Threatened orchid locations top secret for survival
The future of four stunning but highly threatened orchid species in WA's wheatbelt region is now more secure thanks to a special collaboration between community volunteers and a dedicated scientist.
The four-year project mapped the specific habitats of the ballerina orchid (Caladenia melanema,) the granite spider orchid (C. graniticola,) William's spider orchid (C. williamsiae) and the lonely hammer orchid (Drakaea isolata) through countless hours of volunteer time in the eastern Wheatbelt.
Permanent plots were then established for each orchid, to collect valuable information on the health of these endangered populations.
The data collected has enabled UWA ecologist and project manager Dr Mark Brundrett to measure possible threats to the plants, such as a habitat decline and rising salinity levels, as well as seed production, dormancy periods and the impacts of animal grazing.
"At the time we collected the data, the populations, while small, appeared to be stable, but it is also worth noting that we didn't see many emerging seedlings, which is obviously a concern," he says.
Findings from the surveys suggest the orchids remain highly threatened and management strategies needed to be implemented locally to ensure their survival, he says.
"Now that we have specific maps of where these orchid populations are most concentrated we can manage their survival in a more strategic way," he says.
The orchid's secret hideaway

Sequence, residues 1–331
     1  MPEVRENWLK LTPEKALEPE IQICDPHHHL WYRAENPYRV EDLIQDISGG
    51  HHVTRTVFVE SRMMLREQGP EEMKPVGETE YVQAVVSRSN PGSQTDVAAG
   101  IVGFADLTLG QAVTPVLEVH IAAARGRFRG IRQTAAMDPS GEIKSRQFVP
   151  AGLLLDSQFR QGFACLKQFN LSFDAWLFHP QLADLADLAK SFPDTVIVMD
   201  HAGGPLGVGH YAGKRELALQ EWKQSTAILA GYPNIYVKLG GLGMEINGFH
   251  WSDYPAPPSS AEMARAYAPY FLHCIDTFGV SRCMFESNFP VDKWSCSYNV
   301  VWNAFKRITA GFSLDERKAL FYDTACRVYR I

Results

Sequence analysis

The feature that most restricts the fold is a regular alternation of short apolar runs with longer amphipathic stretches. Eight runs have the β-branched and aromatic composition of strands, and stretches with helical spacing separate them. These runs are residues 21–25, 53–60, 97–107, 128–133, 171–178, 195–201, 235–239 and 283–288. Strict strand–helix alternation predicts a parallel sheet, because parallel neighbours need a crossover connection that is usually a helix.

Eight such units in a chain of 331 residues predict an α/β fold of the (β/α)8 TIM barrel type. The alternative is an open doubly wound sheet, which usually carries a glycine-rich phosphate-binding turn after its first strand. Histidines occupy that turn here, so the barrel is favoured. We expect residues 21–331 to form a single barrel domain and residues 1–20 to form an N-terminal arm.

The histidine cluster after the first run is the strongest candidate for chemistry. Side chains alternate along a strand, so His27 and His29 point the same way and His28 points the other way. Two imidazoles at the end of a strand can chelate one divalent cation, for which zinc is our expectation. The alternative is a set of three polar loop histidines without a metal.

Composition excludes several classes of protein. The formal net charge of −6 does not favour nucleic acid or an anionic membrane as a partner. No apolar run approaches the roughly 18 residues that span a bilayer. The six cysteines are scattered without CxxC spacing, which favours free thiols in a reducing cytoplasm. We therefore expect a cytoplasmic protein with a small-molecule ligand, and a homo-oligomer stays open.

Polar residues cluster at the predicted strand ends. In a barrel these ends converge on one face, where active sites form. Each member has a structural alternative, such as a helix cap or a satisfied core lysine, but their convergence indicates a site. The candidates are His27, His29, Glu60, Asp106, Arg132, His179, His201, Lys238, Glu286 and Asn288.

The mapping found that each species was confined to an area between two and ten hectares.
However, while the orchids can be found in the general regions of Hyden, Brookton and Lake Grace, don't expect the specific locations to be revealed any time soon.
Dr Brundrett says revealing the secret locations of these endangered plants could threaten their long-term survival.
"Orchids are charismatic organisms, and people like to find them and photograph them, but if the habitats become too popular with tourists we'd be concerned about them being trampled," he says.
The study involved volunteers from the Friends of Kings Parks, the Australian Native Orchid Study and Conservation Group, and staff from the Department of Parks and Wildlife and the University of Western Australia.
"On some of our mapping and data collection trips we had up to 30 volunteers working with us," he says.
This article first appeared on ScienceNetwork Western Australia a science news website based at Scitech.